A mine blast that exceeded limits at a mine in the New South Wales Hunter has broken plates in a home about a kilometre away, and mining giant Xstrata has made it up to the owner by paying for new crockery.
Camberwell resident Deidre Olofsson’s two favourite Franklin Mint plates fell off a wall and a wall clock dislodged from its hinges as a result of the blast at the Glendell mine on 21 December.
The two plates, valued at $85 each have been replaced by Xstrata, with an offer to also repair her clock.
‘‘It’s really an act of good will,’’ Xstrata spokesman James Rickards said. ‘‘We take all complaints seriously.
‘‘Obviously we need to respond to the community in any instance but in this case, where the blast exceeded the limits, we need to make sure that it doesn’t happen again.’’
Olofsson told the Newcastle Herald she was pleased her plates had been replaced.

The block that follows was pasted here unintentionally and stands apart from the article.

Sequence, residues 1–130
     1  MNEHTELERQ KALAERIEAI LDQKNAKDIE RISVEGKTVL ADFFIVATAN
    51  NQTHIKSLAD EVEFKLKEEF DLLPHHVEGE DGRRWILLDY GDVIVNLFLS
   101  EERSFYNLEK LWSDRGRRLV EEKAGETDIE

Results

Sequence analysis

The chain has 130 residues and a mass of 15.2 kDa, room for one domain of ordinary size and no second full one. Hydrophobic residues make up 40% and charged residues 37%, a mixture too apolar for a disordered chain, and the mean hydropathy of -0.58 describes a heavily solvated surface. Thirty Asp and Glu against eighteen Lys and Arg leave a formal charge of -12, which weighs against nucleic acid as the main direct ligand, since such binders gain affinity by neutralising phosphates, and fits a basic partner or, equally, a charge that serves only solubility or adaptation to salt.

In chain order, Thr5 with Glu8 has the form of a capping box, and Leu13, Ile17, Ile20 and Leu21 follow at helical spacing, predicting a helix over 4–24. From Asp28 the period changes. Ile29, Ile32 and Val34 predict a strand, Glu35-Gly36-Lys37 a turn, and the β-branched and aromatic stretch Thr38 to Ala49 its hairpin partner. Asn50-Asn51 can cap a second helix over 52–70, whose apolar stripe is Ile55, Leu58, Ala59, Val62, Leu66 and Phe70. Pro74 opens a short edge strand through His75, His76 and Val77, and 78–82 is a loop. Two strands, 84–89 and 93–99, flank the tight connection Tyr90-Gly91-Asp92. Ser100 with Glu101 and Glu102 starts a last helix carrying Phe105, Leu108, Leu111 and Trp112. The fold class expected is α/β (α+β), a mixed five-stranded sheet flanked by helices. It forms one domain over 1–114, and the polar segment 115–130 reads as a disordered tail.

‘‘The blasts have been fairly mild since then,’’ she said.
No action has been taken against the mine, following an investigation by the Department of Planning into the incident.
The investigation showed the blast exceeded the ground vibration by 1.53 millimetres a second.
The limit is 5 millimetres a second, but Glendall’s licence allows it to exceed the limit several times a year.
According to a Department of Planning investigating officer, Glendall had no previous breaches in the reporting period.
Image: The Newcastle Herald